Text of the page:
Monday, September 8, 2008

Review of Diamonds of the Night

[Image: “Diamonds of the Night” (1964), aka “Demanty Noci”]

Ask the average studio director working today how to film a simple emotion like sadness, anger, joy or fear and they’re sure to tell you it’s no problem. A close-up is all you need, with loud tears, red cheeks, broad smiles or chattering teeth to give the audience the necessary cue. Performance is, quite naturally, the single most common, quick and accessible way of communicating how a character feels.

Now ask the director how to communicate somewhat more complicated emotions like guilt, regret, doubt or resolve and the answer might not be so straightforward. Performance is still important, but will everyone in the audience be clear? (Remember that studio test screenings allow for zero ambiguity.) Usually the script comes to the rescue, with some device arranged so that the protagonist can simply announce emotions. This might take the form of a narration (perhaps looking back on the event from many years later) or a secondary character, maybe a close friend or observant villain, which correctly interprets for us.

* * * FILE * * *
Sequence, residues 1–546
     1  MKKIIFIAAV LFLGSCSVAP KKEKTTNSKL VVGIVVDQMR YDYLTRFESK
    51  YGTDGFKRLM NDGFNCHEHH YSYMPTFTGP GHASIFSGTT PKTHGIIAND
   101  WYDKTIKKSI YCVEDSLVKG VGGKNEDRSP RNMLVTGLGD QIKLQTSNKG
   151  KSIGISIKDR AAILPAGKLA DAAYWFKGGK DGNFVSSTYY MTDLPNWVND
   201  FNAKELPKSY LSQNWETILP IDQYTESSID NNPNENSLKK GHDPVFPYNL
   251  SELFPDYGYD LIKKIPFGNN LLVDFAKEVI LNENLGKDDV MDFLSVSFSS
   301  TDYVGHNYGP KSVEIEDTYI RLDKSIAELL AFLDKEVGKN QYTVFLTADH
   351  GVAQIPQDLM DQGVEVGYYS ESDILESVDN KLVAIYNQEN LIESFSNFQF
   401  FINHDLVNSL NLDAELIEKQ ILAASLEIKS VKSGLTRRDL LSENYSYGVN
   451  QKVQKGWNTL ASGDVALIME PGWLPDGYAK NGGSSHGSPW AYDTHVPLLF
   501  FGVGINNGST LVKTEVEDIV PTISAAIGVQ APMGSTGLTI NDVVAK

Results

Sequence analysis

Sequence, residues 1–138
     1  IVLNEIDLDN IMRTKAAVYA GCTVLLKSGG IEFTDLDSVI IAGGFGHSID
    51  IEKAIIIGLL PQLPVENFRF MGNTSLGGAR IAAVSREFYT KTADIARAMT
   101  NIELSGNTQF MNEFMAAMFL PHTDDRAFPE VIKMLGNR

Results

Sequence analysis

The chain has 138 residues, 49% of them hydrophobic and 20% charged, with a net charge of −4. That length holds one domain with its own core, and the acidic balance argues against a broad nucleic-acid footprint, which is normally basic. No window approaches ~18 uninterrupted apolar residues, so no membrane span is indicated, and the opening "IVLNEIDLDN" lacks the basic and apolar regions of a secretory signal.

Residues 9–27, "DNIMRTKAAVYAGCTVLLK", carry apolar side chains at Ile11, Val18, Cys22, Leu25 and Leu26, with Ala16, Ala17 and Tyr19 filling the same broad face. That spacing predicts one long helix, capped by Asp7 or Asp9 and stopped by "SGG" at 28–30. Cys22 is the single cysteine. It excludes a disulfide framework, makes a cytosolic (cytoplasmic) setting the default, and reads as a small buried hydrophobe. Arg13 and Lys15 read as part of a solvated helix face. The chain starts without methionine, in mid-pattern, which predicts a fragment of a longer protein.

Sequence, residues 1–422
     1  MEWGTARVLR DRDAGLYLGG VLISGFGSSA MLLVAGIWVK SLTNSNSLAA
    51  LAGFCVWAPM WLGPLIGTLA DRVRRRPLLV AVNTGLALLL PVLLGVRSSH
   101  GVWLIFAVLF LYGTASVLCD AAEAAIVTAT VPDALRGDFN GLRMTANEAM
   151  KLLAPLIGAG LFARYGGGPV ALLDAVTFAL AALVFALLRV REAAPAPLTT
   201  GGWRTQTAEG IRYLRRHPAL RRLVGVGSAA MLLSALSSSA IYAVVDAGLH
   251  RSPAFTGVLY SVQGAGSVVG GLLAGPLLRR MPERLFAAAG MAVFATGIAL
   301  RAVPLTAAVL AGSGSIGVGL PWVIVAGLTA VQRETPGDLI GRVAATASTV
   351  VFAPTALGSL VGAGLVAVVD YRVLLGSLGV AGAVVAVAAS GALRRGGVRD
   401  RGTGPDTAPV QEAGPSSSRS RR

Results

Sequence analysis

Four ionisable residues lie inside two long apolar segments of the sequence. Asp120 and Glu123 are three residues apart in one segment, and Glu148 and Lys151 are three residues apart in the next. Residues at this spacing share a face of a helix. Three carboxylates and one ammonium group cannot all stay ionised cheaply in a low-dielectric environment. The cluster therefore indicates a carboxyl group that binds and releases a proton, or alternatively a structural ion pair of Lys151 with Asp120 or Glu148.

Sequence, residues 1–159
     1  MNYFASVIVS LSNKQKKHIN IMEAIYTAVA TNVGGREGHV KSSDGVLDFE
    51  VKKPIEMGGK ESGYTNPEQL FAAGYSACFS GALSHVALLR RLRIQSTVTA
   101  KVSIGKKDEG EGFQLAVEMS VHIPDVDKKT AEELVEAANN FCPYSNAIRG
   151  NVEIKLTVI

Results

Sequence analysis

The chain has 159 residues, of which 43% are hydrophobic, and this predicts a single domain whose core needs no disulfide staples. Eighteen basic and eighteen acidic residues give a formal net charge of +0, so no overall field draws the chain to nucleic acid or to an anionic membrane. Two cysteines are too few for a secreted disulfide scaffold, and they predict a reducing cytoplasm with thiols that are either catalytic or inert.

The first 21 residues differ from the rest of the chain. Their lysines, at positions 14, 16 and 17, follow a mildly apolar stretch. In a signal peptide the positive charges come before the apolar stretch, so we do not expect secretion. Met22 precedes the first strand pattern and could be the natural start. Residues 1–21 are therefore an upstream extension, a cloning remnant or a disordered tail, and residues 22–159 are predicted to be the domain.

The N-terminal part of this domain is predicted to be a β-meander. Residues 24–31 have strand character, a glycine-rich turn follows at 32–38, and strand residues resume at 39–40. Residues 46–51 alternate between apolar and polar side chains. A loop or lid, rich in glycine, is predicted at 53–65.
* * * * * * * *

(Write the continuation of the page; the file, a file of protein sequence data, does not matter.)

Often a minor character will be created that has no bearing on the plot, but serves as a friendly listener so that the protagonist can lay things out for the audience. This might be a father figure or, in very literal cases, a psychoanalyst. In romantic comedies, it’s an oft-cited cliché for the female lead to have a gay friend and the male lead an overbearing sister. Note that both of these tropes are conveniently free from risk of romantic entanglement with the leads and thus unable to confuse the plot with complications or private agendas.